Alfred Moses: Enrolment of Students in French First Language Programs

Mr. Speaker, earlier this year, I committed to reviewing the 2008 Ministerial Directive – Enrolment of Students in French First Language Programs. In conducting our review, we undertook a comprehensive engagement process targeting the rights holder population in the North. A total of 140 people responded either to our survey, attended a session in Hay River, or attended a session in Yellowknife. We reviewed legislation, current GNWT policies, and the responses from the stakeholder engagements and survey and conducted a jurisdictional scan. The objective of the review was to have a Directive in place by the start of the 2016-2017 school year to avoid a protracted process and enable the Commission scolaire francophone to utilize a new Directive without delay.

During stakeholder engagement, two overlapping views were expressed by stakeholders. The first was a strict interpretation, focusing on exclusive admission of Section 23 Charter rights holders, and the second was a broader perspective, focusing on the open admission of non-rights holders. I feel the balance established by the new Directive addresses the issues raised from each perspective and continues to help grow and sustain the culture of the school and community. The Directive allows all non-rights holders eligible under the Directive to be admitted until the physical capacity of the school reaches 85%. This translates into opportunity for population growth in the NWT’s French first language schools where each of the two schools is below capacity and ensures space for future rights-holders, as required by law.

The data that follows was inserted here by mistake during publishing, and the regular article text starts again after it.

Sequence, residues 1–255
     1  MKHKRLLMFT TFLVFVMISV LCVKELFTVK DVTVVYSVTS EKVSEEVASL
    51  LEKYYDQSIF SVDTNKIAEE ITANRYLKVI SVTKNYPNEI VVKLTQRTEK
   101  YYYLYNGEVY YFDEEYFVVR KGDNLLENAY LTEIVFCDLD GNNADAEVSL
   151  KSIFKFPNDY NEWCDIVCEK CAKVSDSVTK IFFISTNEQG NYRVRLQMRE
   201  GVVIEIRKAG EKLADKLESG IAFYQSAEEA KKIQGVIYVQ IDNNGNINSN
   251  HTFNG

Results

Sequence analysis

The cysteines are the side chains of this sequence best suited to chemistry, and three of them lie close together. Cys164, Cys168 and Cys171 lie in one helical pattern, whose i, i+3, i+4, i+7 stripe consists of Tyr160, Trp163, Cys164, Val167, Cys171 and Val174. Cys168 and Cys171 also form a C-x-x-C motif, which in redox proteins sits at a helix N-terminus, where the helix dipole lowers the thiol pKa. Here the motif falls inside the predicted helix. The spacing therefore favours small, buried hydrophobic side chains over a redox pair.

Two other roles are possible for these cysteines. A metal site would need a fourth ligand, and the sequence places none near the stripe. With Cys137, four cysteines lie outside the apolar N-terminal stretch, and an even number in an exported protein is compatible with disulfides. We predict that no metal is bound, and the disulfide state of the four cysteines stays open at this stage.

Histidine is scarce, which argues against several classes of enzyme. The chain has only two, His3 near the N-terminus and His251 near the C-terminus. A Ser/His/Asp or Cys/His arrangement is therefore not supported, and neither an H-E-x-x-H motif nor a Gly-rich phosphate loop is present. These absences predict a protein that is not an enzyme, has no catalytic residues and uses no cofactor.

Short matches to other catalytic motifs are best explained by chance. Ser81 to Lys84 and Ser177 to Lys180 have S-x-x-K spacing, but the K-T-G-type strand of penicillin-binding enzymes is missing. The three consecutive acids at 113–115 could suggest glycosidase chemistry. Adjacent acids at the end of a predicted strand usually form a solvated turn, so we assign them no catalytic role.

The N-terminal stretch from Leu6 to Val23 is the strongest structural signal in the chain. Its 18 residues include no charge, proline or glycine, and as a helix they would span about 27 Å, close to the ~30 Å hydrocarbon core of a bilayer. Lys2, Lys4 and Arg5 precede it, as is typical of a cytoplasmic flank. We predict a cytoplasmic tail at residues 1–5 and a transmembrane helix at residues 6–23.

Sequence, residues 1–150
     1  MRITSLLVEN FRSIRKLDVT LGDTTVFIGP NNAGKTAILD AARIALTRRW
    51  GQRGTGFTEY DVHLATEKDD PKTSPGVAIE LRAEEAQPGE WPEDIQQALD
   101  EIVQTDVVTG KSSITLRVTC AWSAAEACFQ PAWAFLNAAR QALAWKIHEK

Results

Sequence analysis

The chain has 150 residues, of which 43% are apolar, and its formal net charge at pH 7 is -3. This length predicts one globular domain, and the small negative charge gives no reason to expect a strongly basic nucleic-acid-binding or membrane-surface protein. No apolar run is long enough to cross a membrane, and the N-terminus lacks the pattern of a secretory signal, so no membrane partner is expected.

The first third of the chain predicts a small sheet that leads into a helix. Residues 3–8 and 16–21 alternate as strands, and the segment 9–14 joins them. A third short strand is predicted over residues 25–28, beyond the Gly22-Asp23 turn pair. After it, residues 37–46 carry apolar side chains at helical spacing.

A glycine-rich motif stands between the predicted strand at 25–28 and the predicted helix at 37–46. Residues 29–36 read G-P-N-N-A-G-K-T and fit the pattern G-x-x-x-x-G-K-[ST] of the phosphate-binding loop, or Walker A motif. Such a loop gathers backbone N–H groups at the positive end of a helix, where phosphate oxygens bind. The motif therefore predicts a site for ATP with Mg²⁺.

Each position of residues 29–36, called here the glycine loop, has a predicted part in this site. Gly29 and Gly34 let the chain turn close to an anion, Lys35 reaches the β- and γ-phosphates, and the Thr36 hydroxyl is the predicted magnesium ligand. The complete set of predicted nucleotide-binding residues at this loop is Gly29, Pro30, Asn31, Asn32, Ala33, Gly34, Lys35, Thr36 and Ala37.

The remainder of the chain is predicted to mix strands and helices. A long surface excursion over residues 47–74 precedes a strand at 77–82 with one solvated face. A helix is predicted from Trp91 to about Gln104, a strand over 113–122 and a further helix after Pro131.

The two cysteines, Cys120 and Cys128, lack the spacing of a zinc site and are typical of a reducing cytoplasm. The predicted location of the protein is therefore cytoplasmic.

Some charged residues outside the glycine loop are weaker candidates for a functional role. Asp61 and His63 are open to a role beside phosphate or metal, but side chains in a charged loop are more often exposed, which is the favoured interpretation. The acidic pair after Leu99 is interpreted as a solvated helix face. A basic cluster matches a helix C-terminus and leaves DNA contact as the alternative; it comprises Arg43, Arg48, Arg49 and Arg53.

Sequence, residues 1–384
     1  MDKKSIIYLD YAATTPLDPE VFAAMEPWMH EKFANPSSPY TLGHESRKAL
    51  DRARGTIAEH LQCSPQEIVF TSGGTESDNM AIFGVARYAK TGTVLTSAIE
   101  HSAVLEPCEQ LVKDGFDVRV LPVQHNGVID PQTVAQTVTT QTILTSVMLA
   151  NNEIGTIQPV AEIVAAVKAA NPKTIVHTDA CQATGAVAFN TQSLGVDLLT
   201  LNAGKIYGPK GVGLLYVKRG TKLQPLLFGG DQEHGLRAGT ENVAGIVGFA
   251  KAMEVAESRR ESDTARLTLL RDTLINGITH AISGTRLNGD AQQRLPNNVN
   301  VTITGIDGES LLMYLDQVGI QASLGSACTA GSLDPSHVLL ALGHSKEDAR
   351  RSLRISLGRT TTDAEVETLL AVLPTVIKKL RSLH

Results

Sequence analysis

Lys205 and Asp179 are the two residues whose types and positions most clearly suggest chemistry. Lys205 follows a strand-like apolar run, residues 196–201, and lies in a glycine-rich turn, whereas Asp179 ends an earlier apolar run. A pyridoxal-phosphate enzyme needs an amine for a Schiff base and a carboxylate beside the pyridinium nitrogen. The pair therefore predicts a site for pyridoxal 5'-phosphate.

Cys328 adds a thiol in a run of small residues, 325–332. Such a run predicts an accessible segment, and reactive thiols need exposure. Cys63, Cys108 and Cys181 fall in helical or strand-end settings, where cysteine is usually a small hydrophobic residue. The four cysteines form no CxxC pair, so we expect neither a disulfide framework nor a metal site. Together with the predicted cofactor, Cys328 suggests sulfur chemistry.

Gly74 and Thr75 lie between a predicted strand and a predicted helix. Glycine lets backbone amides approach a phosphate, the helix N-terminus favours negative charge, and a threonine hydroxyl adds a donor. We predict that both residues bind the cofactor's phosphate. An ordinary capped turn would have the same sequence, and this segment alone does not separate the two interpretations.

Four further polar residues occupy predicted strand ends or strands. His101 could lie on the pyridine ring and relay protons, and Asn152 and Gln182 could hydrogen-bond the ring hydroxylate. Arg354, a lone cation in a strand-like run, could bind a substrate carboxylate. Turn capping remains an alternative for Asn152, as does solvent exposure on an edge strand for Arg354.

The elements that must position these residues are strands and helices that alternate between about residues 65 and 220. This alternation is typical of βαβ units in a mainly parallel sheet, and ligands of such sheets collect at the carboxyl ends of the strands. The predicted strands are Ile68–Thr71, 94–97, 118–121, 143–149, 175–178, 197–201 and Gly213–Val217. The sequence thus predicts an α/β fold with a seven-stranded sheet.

The new Ministerial Directive Enrolment of Students in French First Language Programs came into effect in August, 2016, with three streams of admission for eligible non-rights holder parents:

  • Reacquisition – the parent would have been a rights holder but for his or her lack of opportunity to attend a French first language school or his or her parent’s lack of opportunity to attend a French first language school;
  • Non-citizen francophone – the parent meets the criteria of Section 23 of the Canadian Charter of Rights and Freedoms except for the fact that he or she is not a Canadian citizen; and.
  • New Immigrant – the parent is an immigrant to Canada, whose child upon arrival, does not speak English or French and is enrolling in a Canadian school for the first time.

The first three requests for admission have been reviewed, resulting in approval of all three applications under the Reacquisition Stream of the Directive.

Mr. Speaker, the new NWT Directive has been compared with the recently renewed Directive in the Yukon. The eligibility criteria established in the NWT and Yukon are very similar. The Yukon policy identifies two types of admission: Admission by Right and Admission by Permission. The Admission by Right categories are all established by the Charter of Rights and Freedoms and include First Language, Primary Schools Instruction, and Family Continuity.

There are seven admission streams under the Yukon policy, all but one are closely aligned with the renewed NWT Directive. The one stream that does not exist under the NWT Directive is the Yukon category of Anglophone.

The Commission scolaire francophone Territoires du Nord-Ouest continues to have the authority, as delegated by me, to grant immediate admission to students who are rights-holders under Section 23 of the Charter. I have retained administrative control over the three streams of admission outside the criteria defined by the Canadian Charter of Rights and Freedoms.

Mr. Speaker, the francophone community is a significant and distinctive part of the cultural fabric of the NWT. Northern francophones have a vibrant and rich culture which certainly begins in the home, but is enhanced by the education they receive in environments dedicated to preserving and celebrating their language and culture. We want to ensure they have the ability and the capacity to do that.  

Mahsi, Mr. Speaker.